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ORIGINAL ARTICLE
Year : 2014  |  Volume : 62  |  Issue : 9  |  Page : 931-934

Comparison of two optical biometers in intraocular lens power calculation


Department of Ophthalmology, Eye and ENT Hospital, Fudan University, Shanghai, China

Correspondence Address:
Lu Yi
Department of Ophthalmology, Eye and ENT Hospital, Fudan University, No. 83, Fen Yang Rd., Shanghai, 200031
China
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Source of Support: None, Conflict of Interest: None


DOI: 10.4103/0301-4738.143930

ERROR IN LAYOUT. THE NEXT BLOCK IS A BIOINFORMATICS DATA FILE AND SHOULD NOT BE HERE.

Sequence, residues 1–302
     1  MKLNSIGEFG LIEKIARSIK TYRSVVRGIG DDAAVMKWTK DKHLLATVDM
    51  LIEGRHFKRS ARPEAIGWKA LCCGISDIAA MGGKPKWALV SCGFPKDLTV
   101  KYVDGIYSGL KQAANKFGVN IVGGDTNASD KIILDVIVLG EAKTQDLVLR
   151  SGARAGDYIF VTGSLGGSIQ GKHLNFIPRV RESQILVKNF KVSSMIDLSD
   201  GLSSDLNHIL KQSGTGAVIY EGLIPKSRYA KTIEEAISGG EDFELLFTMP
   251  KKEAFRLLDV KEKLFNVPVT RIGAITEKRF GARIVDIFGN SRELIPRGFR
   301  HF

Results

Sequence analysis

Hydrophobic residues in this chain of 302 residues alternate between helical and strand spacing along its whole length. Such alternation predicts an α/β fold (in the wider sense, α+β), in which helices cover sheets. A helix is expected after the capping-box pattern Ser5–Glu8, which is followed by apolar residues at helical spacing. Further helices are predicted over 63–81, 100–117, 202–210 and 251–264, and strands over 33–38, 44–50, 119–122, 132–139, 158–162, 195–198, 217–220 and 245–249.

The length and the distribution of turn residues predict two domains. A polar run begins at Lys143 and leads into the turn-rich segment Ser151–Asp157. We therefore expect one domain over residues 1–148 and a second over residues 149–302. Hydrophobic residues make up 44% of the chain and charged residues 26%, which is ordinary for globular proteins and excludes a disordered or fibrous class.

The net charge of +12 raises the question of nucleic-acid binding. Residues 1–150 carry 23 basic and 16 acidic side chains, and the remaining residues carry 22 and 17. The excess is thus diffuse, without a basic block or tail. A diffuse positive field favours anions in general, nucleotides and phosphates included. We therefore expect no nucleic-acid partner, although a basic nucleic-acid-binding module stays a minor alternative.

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Aims: To compare the consistency and accuracy in ocular biometric measurements and intraocular lens (IOL) power calculations using the new optical low-coherence reflectometry and partial coherence interferometry. Subjects and Methods: The clinical data of 122 eyes of 72 cataract patients were analyzed retrospectively. All patients were measured with a new optical low-coherence reflectometry system, using the LENSTAR LS 900 (Haag Streit AG)/ALLEGRO BioGraph biometer (Wavelight., AG), and partial coherence interferometry (IOLMaster V.5.4 [Carl Zeiss., Meditec, AG]) before phacoemulsification and IOL implantation. Repeated measurements, as recommended by the manufacturers, were performed by the same examiner with both devices. Using the parameters of axial length (AL), corneal refractive power (K1 and K2), and anterior chamber depth (ACD), power calculations for AcrySof SA60AT IOL were compared between the two devices using five formulas. The target was emmetropia. Statistical analysis was performed using Statistical Package for the Social Sciences software (SPSS 13.0) with t-test as well as linear regression. A P value < 0.05 was considered to be statistically significant. Results: The mean age of 72 cataract patients was 64.6 years ± 13.4 [standard deviation]. Of the biometry parameters, K1, K2 and [K1 + K2]/2 values were significantly different between the two devices (mean difference, K1: −0.05 ± 0.21 D; K2: −0.12 ± 0.20 D; [K1 + K2]/2: −0.08 ± 0.14 D. P <0.05). There was no statistically significant difference in AL and ACD between the two devices. The correlations of AL, K1, K2, and ACD between the two devices were high. The mean differences in IOL power calculations using the five formulas were not statistically significant between the two devices. Conclusions: New optical low-coherence reflectometry provides measurements that correlate well to those of partial coherence interferometry, thus it is a precise device that can be used for the pre-operative examination of cataract patients.


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